As of 2000, there were 134 students in Lucens who came from another municipality, while 61 residents attended schools outside the municipality.[25]


In 2014 the crime rate, of the over 200 crimes listed in the Swiss Criminal Code (running from murder, robbery and assault to accepting bribes and election fraud), in Lucens was 58.8 per thousand residents. This rate is only 61.3% of the cantonal rate and about the same as the national rate (64.6). During the same period, the rate of drug crimes was 2.5 per thousand residents. This rate is only 25.3% of the national rate. The rate of violations of immigration, visa and work permit laws was 1.3 per thousand residents. This rate is only 26.5% of the rate for the entire country.[29]


  1. ^ a b "Arealstatistik Standard - Gemeinden nach 4 Hauptbereichen". Federal Statistical Office. Retrieved 13 January 2019.
  2. ^ "Ständige Wohnbevölkerung nach Staatsangehörigkeitskategorie Geschlecht und Gemeinde; Provisorische Jahresergebnisse; 2018". Federal Statistical Office. 9 April 2019. Retrieved 11 April 2019.
  3. ^ Amtliches Gemeindeverzeichnis der Schweiz ‹See Tfd›(in German) accessed 10 January 2017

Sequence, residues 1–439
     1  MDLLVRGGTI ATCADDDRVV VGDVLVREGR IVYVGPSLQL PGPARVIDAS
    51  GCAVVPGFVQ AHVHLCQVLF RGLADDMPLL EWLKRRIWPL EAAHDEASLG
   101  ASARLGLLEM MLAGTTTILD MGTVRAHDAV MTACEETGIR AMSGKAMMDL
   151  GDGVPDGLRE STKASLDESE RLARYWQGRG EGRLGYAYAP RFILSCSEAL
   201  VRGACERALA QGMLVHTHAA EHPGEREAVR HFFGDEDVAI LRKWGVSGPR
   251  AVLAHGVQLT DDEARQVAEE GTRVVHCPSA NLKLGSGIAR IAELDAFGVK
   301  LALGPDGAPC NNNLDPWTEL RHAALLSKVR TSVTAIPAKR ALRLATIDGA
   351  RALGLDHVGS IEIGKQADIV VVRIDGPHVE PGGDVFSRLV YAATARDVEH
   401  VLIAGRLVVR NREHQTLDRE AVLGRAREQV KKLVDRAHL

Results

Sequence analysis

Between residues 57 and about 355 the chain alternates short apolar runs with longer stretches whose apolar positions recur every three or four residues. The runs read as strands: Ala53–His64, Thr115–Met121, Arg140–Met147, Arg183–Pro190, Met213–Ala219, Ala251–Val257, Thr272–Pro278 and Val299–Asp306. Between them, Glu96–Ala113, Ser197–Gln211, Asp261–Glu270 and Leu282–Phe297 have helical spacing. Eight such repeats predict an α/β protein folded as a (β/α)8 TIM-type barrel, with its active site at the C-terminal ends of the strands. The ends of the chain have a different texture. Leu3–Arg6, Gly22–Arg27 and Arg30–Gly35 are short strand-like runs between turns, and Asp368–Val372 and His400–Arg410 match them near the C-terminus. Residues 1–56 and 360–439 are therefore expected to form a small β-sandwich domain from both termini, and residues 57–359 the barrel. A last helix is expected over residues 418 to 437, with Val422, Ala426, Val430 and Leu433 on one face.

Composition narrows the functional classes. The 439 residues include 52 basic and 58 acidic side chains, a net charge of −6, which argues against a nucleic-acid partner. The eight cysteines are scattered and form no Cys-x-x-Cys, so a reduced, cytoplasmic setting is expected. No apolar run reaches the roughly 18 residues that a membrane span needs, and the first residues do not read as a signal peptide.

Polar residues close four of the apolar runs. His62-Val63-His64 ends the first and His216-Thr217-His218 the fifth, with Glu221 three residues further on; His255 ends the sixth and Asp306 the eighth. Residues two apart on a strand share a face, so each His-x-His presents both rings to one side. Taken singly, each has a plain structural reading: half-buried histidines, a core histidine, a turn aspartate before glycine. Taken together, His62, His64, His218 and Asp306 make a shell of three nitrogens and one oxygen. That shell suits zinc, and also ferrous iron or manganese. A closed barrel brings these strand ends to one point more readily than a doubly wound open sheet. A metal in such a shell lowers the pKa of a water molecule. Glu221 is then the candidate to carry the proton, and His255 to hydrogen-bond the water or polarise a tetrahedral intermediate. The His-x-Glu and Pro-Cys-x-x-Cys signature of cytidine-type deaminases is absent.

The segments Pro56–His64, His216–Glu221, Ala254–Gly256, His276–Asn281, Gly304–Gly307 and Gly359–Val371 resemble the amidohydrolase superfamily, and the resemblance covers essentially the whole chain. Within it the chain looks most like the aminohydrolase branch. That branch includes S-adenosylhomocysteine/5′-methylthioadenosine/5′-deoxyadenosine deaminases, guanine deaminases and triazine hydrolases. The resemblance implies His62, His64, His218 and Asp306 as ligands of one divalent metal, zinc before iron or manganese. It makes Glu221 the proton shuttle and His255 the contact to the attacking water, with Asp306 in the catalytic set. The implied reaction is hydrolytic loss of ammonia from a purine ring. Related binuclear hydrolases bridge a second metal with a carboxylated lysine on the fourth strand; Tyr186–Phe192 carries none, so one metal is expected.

4. ^ a b Lucens in German, French and Italian in the online Historical Dictionary of Switzerland.
  5. ^ Heavy water reactors: Status and projected development Archived 2007-04-13 at the Wayback Machine, IAEA, 2002 pg. 117
  6. ^ Arealstatistik Standard - Gemeindedaten nach 4 Hauptbereichen
  7. ^ "Arealstatistik Land Use - Gemeinden nach 10 Klassen". Swiss Federal Statistical Office. 24 November 2016. Retrieved 27 December 2016. External link in |website= (help)
  8. ^ a b Swiss Federal Statistical Office - Regional portraits accessed 27 October 2016
  9. ^ Nomenklaturen – Amtliches Gemeindeverzeichnis der Schweiz ‹See Tfd›(in German) accessed 4 April 2011
  10. ^ Amtliches Gemeindeverzeichnis der Schweiz published by the Swiss Federal Statistical Office ‹See Tfd›(in German) accessed 17 February 2011
  11. ^ Flags of the accessed 11-May-2011